The majority are not motivated to work harder by a bonus worth 10% of annual salary, according a new report. Bonuses often involve sizeable investment by UK employers, but new research has found that the majority of leisure industry workers are not motivated by lump sums.
One4all Rewards’ Push the Button Report questioned 1,000 UK workers about what motivates them in the workplace.
The study found that, while rewards and incentives are often effective for maintaining morale and attracting staff, simply handing out lumps of cash is not an effective way of increasing staff efforts – indeed, 84% of those employed within the travel and leisure industry would not work significantly harder in exchange for a bonus equivalent to 10% of their annual salary.
Even incentives equivalent to 25% of annual salaries would not motivate 70% of travel and leisure sector employees.
Similarly, a 10% pay rise would only result in 16% of workers working harder.
These findings suggest that incentivising staff to work harder is about much more than bumping up their bank balances – and suggests that those UK travel and leisure employers who are currently awarding incentives and bonuses need to design and distribute them carefully, in order to achieve tangible increases in staff output and motivation across the entire workforce.
For those businesses who are operating within the travel and leisure sector and are looking at alternatives to financial incentives, the report findings identified several effective options.
12% of employees are motivated to work harder by regular rewards – such as weekly or monthly treats. In addition, a bonus linked directly to an individual’s work performance would result in an increase in output for over 1 in 4 (26%).
Declan Byrne, UK managing director at One4all Rewards, comments:
From this research, it’s clear to see that while bonus culture is impactful, it isn’t always an effective driver of increased output or motivation for many employees – and it seems this is especially true in the travel and leisure sector. As it can be very expensive for businesses, this is an important learning for many UK employers to acknowledge.
As one of the leading providers of reward schemes for UK small to medium-sized businesses, we would recommend employers clearly define their objectives for an incentive and benefit scheme, and find out which types of reward does and does not switch on the desired results in their employees, at the very initial stage. It is important to define the goals and the likely results from the outset.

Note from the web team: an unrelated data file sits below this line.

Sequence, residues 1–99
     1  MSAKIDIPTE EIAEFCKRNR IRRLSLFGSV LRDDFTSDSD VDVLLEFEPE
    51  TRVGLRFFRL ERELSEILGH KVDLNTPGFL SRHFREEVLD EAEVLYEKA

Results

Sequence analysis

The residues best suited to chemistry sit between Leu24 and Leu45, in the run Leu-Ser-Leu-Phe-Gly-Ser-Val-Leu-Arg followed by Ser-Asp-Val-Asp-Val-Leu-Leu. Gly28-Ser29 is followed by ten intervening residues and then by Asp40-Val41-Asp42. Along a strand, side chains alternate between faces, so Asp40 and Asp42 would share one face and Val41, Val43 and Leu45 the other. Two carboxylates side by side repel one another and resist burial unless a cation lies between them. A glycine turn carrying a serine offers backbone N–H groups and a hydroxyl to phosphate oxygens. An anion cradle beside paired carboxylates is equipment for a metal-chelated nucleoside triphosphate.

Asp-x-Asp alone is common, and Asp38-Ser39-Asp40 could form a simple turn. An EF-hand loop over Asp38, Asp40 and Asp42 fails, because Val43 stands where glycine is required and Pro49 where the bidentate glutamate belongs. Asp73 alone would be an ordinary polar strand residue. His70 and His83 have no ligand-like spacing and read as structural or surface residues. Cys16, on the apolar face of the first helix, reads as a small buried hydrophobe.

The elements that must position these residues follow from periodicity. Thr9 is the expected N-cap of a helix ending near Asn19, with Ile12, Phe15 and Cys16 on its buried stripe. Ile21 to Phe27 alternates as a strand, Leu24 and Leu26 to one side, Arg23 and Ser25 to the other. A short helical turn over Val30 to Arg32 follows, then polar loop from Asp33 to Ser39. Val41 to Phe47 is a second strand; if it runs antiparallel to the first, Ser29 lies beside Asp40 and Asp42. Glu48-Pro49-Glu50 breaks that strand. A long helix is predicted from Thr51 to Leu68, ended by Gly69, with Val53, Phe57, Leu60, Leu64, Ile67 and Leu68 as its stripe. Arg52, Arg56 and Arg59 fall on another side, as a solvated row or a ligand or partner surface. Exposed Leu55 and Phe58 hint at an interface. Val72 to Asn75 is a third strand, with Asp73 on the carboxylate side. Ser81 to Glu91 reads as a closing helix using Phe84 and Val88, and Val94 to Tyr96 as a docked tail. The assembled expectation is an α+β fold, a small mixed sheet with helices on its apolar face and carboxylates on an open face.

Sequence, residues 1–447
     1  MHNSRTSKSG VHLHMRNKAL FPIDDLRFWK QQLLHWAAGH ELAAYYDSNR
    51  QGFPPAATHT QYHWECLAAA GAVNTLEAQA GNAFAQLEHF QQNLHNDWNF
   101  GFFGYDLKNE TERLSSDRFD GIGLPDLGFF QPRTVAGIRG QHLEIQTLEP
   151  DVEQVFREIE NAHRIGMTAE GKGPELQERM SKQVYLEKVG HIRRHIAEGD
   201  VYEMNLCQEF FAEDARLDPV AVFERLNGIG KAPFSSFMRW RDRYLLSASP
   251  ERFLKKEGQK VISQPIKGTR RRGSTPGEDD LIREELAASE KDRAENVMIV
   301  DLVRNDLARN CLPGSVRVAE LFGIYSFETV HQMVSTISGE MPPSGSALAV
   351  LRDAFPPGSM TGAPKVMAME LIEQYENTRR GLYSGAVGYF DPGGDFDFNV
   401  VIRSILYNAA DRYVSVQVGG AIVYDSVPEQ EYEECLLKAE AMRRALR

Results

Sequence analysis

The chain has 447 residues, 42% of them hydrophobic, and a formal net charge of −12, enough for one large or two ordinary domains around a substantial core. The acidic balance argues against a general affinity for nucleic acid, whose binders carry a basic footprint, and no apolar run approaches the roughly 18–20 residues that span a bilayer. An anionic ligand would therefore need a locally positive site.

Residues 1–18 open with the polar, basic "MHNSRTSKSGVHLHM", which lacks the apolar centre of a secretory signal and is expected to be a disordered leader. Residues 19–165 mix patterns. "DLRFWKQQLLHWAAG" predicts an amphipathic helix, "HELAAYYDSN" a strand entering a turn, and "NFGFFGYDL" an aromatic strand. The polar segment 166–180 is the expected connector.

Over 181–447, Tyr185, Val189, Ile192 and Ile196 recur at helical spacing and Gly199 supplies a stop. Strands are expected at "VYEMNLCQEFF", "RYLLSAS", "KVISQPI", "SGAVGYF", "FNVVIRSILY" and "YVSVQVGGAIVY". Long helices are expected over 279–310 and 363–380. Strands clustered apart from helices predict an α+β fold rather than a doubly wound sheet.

When used in this way, financial incentives can be really effectively utilised to ‘switch on’ employees to work harder – often with great results for the bottom line.
John Byrne, performance coach at Mindcoach, said:
We know from research in this area that direct monetary incentives work more effectively with some people and some roles more than others. So I’m not surprised that money isn’t an equal motivator for all employees, because we’re human and it’s natural to want different things and value things differently.
If you want to get the best return on your investment in rewards and incentives geared towards engaging and motivating employees, you are better to tailor your approaches. After all, no one wants to be just another employee.
It’s very often quoted that businesses lose customers because their clients don’t feel valued, or they feel a perceived attitude of indifference to them. A singular approach to employee motivation has the same effect. Employees leave high paying jobs because their other human needs aren’t being met. It’s human to want to feel understood, valued, cared for, connected and relevant.